"Is there a simple, fundamental way to remember control surface inputs vs. wind while taxiing and changing direction?" - Anon.
“This is a problem for many pilots. My suggestion is to consider the Hippocratic oath. That is the oath the doctors take which says in part Do no harm. So if you are not sure, leave the controls in neutral so you do no harm.
The goal is to use the flight controls to prevent the wind from picking up a wing and or the tail of the aircraft. So if you can imagine where the wind is contacting your airplane, then position the ailerons and elevator to prevent that from happening.
One saying that helps pilots is to climb into a headwind and dive away from a tailwind. So if the wind is coming from in front of the wing, climb (elevator back) into the headwind (aileron toward the wind). If the wind is coming from behind the plane, dive (elevator forward) away from the wind (aileron away from the wind). As you turn the airplane and the wind moves from ahead of the wing to behind the wing, follow the rule.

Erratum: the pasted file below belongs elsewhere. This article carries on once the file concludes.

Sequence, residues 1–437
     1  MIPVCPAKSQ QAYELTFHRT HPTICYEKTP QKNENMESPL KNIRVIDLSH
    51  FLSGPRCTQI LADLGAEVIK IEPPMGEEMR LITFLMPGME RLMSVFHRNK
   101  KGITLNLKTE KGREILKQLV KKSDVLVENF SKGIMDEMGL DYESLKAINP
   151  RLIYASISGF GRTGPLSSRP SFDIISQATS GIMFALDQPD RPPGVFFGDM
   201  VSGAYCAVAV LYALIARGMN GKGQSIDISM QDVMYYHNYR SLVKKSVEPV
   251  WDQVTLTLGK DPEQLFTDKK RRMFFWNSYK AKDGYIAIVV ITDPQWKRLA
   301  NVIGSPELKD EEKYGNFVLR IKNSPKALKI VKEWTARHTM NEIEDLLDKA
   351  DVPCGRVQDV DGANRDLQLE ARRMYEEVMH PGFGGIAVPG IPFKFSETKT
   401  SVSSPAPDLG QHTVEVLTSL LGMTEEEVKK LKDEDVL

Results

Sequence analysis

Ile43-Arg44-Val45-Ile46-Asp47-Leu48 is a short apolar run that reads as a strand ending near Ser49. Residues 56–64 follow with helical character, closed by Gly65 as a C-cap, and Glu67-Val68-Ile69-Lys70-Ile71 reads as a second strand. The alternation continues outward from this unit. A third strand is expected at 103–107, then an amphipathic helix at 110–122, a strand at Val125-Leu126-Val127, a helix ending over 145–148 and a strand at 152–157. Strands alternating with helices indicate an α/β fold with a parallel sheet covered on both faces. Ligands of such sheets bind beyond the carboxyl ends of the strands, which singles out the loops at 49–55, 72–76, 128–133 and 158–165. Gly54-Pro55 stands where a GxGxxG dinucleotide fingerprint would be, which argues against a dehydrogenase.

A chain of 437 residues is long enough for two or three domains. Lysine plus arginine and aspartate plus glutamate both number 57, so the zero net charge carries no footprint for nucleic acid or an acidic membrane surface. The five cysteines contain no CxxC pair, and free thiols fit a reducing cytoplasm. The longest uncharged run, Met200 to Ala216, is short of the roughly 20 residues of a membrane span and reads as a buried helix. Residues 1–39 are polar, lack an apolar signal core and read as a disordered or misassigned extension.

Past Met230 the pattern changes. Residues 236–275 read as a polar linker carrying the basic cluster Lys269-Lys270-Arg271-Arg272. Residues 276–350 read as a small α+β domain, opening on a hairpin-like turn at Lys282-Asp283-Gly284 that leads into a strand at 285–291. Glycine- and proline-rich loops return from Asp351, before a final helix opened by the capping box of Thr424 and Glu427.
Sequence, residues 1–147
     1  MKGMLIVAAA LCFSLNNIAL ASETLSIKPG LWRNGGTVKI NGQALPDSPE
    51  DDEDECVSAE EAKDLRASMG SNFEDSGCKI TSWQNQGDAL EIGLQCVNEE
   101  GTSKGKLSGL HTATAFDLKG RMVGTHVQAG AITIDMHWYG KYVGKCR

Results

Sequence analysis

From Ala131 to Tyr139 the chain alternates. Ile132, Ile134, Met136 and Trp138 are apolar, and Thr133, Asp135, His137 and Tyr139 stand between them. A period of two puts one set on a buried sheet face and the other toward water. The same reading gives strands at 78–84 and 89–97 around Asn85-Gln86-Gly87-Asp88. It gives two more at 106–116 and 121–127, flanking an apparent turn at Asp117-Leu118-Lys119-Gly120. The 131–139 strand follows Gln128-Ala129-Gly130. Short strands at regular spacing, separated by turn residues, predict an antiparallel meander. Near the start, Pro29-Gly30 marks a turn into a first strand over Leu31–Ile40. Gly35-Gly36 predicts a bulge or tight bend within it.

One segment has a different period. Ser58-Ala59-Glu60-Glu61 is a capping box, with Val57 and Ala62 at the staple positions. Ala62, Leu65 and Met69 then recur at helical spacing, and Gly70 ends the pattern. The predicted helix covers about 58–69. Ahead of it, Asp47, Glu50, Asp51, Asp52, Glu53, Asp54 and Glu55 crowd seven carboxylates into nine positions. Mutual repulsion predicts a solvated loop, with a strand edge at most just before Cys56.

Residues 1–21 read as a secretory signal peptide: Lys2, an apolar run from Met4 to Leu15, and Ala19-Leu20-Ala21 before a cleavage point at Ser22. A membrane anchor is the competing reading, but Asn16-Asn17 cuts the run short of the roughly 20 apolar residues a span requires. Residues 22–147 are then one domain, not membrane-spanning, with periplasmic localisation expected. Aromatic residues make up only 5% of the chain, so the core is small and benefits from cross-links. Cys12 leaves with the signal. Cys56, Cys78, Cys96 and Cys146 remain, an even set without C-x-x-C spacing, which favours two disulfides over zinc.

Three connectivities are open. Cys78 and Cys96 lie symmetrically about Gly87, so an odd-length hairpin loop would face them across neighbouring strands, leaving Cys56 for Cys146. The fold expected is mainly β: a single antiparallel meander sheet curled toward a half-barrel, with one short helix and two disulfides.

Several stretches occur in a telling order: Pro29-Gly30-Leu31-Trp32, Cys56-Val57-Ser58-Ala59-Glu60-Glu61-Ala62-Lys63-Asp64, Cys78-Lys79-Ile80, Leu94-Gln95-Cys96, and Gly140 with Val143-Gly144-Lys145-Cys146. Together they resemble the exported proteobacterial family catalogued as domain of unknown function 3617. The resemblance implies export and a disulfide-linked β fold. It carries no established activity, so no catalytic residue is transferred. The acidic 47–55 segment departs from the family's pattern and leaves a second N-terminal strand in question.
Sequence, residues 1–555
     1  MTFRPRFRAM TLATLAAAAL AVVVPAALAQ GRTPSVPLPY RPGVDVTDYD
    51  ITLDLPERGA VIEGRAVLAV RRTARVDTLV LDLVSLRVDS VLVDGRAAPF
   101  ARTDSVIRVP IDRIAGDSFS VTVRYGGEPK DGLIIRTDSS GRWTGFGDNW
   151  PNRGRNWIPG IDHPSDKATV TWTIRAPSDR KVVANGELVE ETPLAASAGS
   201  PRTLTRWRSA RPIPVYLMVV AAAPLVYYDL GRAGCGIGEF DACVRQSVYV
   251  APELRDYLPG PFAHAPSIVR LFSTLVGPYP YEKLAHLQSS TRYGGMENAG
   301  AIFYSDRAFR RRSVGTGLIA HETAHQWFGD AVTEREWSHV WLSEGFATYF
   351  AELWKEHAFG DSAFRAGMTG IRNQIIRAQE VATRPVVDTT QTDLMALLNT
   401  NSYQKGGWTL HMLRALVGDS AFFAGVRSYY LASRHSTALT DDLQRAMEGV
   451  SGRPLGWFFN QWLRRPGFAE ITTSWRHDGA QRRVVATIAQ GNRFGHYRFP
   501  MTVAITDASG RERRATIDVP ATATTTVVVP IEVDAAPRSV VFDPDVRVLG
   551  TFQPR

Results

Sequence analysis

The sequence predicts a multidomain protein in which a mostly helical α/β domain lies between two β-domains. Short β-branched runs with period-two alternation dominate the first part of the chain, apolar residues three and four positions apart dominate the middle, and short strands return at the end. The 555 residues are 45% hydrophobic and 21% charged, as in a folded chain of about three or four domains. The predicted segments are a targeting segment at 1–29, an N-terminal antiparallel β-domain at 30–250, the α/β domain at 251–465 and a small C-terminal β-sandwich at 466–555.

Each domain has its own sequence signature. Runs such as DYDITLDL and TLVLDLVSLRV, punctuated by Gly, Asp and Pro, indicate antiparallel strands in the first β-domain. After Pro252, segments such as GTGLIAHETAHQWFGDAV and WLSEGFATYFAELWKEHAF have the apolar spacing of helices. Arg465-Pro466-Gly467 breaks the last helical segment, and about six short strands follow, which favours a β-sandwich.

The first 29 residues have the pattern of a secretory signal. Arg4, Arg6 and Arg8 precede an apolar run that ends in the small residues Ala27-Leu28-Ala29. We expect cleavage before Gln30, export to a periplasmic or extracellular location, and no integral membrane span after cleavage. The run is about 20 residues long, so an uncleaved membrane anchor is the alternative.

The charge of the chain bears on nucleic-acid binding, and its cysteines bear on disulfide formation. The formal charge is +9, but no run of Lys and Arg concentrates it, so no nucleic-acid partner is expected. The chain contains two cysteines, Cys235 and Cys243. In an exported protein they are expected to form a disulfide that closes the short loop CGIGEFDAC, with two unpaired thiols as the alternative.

Another tip for taxiing in strong winds is to make all turns at a slow speed. The centrifugal force of a fast turn can help the wind to tip the airplane.
So, visualize if the wind is in front of the wing or behind it and position the controls accordingly, taxi and make turns slowly and maybe if the wind is really that strong you should reconsider your decision to leave the tie down.”
You may find this video helpful: